ThyssenKrupp Schulte is helping drive forward one of the world’s most significant scientific projects: the construction of the world’s biggest experimental nuclear fusion reactor ITER (International Thermonuclear Experimental Reactor).
The experimental nuclear fusion reactor is a multi-billion euro joint project: Seven members of an international research initiative are directly involved in building the reactor in Saint-Paul-lès-Durance in southern France. The mega project is being funded by the European Union, China, India, Japan, Russia, South Korea and the USA. ITER is intended to provide information on the generation of energy from nuclear fusion.
Manufacture of a custom test rig
ThyssenKrupp Schulte has made a major contribution to the project: Its Munich branch designed a unique test rig to help gather information on the load capacity and mechanical stability of the moving supports for the ITER vacuum vessel. “The vacuum vessel, which weighs around 10,000 tons, is one of the most important components of the nuclear fusion reactor,” says Andreas Kellermann, manager of the Munich branch. To enable the vessel to expand during the fusion process and absorb the magnetic forces generated, it rests on nine moving steel supports which have to withstand a weight comparable with that of the Eiffel Tower.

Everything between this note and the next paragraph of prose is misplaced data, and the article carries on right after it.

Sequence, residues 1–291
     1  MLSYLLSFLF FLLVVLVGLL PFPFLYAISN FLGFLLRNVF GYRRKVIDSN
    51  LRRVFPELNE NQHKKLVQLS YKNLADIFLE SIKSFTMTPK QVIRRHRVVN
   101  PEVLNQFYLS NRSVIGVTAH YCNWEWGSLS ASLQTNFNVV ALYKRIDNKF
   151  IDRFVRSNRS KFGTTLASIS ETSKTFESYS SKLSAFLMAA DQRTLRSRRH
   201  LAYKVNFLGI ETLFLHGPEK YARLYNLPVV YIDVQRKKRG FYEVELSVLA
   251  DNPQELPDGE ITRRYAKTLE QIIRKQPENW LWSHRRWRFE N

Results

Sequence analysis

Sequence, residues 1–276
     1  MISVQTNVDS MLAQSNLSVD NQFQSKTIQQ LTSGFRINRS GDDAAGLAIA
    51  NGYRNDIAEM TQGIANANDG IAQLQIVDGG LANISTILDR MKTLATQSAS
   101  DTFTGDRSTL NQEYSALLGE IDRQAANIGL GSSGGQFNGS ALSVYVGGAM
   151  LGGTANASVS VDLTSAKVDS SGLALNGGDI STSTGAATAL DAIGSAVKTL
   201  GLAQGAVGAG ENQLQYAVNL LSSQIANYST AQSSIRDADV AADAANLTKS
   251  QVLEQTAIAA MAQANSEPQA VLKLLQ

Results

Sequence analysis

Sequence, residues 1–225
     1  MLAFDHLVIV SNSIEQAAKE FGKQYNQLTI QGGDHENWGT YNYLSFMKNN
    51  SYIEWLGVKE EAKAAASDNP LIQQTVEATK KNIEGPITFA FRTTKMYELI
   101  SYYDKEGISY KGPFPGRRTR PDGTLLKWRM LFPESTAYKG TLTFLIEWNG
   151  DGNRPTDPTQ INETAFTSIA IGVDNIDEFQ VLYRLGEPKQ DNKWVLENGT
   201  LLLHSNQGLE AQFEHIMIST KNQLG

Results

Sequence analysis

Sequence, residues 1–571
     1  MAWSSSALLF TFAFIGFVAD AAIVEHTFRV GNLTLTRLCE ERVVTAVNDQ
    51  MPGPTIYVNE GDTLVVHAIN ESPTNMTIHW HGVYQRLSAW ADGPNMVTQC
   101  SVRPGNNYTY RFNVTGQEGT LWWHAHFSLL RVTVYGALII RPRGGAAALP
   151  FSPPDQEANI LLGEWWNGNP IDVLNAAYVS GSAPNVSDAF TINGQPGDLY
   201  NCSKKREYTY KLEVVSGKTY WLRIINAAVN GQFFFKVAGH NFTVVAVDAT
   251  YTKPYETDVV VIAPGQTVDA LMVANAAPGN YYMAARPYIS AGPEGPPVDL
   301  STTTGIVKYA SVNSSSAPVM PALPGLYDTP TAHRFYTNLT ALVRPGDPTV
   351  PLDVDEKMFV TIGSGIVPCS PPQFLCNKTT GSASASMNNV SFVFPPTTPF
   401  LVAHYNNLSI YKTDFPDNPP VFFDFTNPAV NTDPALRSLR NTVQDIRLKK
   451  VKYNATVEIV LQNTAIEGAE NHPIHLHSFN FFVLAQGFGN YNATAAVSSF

The order was placed by KRP-Mechatec Engineering, the company responsible for the design of the test rig and the mechanical stability of the supports. Due to the highly complex nature of the test rig, the engineers requested ThyssenKrupp Schulte to manufacture the components on an individual basis. The selected material had to display high tensile strength and toughness. ThyssenKrupp Schulte advised its customer on the feasibility of each process step, in particular with regard to manufacturing tolerances. In addition, the materials experts made corrections to the engineering drawings based on their own measurements, and in cross-border collaboration with ThyssenKrupp Materials Austria were able to support all process steps.
More than nine tons of heat-treated steel was eventually used. The rig, measuring 2,265 x 2,125 x 1,400 millimeters, resembles a gigantic vice. The support mock-up developed by KRP-Mechatec Engineering was clamped in the structure and tested for stability using hydraulic equipment. This resulted in a custom design in line with individual requirements. “The challenge for us as service provider lay in providing tailored advice,” says sales staff member Diana Löhr: “Our expertise helped us find the ideal solution for all our customer’s requirements.”
Finally, stability of the support was tested in the finished test rig at Munich University of Technology. Strain gauges were used to monitor the rig during three days of load testing and to test the mobility of the cylinder bearings. The results were impressive: The support passed the test. The findings will feed into the construction of the nuclear fusion reactor.